A Mediterranean Apocalypse: Prophecies of Empire in the Fifteenth and Sixteenth Centuries

In: Journal of the Economic and Social History of the Orient
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  • 1 The University of Chicago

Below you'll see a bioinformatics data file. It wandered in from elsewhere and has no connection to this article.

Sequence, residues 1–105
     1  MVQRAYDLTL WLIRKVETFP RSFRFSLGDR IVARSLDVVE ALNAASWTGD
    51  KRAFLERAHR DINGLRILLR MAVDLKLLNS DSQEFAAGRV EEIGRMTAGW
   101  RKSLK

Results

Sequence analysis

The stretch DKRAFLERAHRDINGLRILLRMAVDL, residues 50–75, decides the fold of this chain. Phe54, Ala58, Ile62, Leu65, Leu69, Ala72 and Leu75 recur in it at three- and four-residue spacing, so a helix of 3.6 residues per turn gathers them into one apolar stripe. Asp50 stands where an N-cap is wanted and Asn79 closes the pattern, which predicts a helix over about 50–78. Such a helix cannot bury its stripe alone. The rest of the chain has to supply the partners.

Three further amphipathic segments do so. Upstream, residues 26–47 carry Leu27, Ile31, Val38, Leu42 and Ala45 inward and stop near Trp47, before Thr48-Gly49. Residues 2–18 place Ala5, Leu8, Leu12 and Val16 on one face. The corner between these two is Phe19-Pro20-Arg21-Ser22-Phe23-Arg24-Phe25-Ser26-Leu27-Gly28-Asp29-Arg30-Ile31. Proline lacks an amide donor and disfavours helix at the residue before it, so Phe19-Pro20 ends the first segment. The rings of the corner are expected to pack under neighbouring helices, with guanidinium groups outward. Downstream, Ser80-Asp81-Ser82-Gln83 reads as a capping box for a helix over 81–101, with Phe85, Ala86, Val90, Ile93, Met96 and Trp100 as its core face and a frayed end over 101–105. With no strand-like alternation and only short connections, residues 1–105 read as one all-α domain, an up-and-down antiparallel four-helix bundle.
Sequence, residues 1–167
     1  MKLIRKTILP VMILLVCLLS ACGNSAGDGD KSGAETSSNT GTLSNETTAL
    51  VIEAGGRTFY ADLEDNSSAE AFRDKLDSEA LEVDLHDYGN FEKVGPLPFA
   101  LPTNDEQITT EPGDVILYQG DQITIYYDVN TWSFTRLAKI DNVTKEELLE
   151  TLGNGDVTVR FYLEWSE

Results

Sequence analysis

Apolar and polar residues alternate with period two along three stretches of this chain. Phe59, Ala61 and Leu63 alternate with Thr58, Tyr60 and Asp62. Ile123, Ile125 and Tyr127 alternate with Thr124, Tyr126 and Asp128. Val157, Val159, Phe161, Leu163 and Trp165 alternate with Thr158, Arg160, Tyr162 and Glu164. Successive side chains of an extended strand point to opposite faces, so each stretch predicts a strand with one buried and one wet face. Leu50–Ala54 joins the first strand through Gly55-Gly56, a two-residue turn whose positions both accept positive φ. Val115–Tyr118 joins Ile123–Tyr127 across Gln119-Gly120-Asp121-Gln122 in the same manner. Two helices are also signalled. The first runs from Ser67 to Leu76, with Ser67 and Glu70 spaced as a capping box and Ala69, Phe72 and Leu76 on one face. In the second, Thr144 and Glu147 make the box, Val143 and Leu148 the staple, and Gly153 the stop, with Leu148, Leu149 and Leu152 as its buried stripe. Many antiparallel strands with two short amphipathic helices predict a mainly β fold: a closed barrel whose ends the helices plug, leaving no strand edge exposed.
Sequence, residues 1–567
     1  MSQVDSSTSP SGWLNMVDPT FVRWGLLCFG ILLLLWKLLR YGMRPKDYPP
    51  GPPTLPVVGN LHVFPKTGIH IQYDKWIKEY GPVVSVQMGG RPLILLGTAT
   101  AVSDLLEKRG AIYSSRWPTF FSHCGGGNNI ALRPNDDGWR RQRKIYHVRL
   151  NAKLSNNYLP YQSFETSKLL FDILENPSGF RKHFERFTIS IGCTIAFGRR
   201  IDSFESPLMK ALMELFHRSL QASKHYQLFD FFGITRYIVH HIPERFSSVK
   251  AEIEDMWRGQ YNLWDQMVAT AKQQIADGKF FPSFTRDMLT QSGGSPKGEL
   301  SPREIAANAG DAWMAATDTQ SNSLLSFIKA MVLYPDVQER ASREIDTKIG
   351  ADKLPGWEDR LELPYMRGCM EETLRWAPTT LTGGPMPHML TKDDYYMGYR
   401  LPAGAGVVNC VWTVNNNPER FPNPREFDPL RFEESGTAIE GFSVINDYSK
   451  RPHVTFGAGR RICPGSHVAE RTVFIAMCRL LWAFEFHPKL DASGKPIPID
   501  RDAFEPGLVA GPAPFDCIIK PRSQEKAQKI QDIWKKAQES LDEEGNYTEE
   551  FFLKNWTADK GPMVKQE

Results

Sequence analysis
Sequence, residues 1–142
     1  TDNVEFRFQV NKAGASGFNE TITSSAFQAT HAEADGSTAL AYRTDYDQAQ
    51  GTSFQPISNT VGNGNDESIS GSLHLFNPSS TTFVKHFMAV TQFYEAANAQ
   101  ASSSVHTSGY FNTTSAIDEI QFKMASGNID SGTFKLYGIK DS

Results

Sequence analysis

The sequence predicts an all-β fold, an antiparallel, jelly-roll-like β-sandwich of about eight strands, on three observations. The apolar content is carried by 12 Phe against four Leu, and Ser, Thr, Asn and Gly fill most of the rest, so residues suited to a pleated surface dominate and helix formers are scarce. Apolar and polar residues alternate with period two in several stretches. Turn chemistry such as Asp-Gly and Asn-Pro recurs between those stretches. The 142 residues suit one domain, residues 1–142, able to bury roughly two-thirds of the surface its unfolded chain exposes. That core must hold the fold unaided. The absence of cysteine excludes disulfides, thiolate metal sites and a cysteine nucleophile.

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This article traces the intertwining of contemporaneous Muslim and Christian millenarian beliefs and excitation from the early fifteenth to late sixteenth centuries, specifically as crystalized by the rise of the Ottoman power, the Muslim conquest of “Rome” (Constantinople) in 1453, and the sixteenth century Ottoman-Habsburg rivalry for recognition as legitimate claimants to the world empire of the last age of history. The most influential formulator of the Ottoman eschatological identity was the mystic and lettrist ʿAbd al-Raḥmān al-Bisṭāmī, whose works underlie the fully articulated royal messianism of Sultan Süleymān (r. 1520-1566). At Süleymān’s court the French orientalist and apocalyptic enthusiast Guillaume Postel, a proponent of French Valois universal end-time monarchy, saw al-Bisṭāmī’s work brandished in 1535. Following the trajectory of the production, consumption, and deployment of these texts in the context of revolutionary changes across the Mediterranean—not least of all in understandings of religions and their relationship to historical empire—makes clear the centrality of apocalyptic to contemporary understandings of history and the significance (and legitimacy) of the new imperial formations, and to new understandings of the interrelationship between cognate, if sometimes hostile, monotheisms.

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